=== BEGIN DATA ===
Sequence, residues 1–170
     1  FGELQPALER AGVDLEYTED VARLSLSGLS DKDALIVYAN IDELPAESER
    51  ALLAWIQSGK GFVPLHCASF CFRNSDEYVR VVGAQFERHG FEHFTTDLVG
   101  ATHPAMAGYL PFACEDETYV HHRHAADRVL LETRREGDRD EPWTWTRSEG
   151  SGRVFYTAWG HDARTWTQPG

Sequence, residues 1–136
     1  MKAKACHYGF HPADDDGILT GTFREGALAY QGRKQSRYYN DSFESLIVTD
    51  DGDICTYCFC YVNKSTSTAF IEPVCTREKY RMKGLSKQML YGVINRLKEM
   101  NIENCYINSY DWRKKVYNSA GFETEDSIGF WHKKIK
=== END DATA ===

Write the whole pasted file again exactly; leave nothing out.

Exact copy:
Sequence, residues 1–170
     1  FGELQPALER AGVDLEYTED VARLSLSGLS DKDALIVYAN IDELPAESER
    51  ALLAWIQSGK GFVPLHCASF CFRNSDEYVR VVGAQFERHG FEHFTTDLVG
   101  ATHPAMAGYL PFACEDETYV HHRHAADRVL LETRREGDRD EPWTWTRSEG
   151  SGRVFYTAWG HDARTWTQPG

Sequence, residues 1–136
     1  MKAKACHYGF HPADDDGILT GTFREGALAY QGRKQSRYYN DSFESLIVTD
    51  DGDICTYCFC YVNKSTSTAF IEPVCTREKY RMKGLSKQML YGVINRLKEM
   101  NIENCYINSY DWRKKVYNSA GFETEDSIGF WHKKIK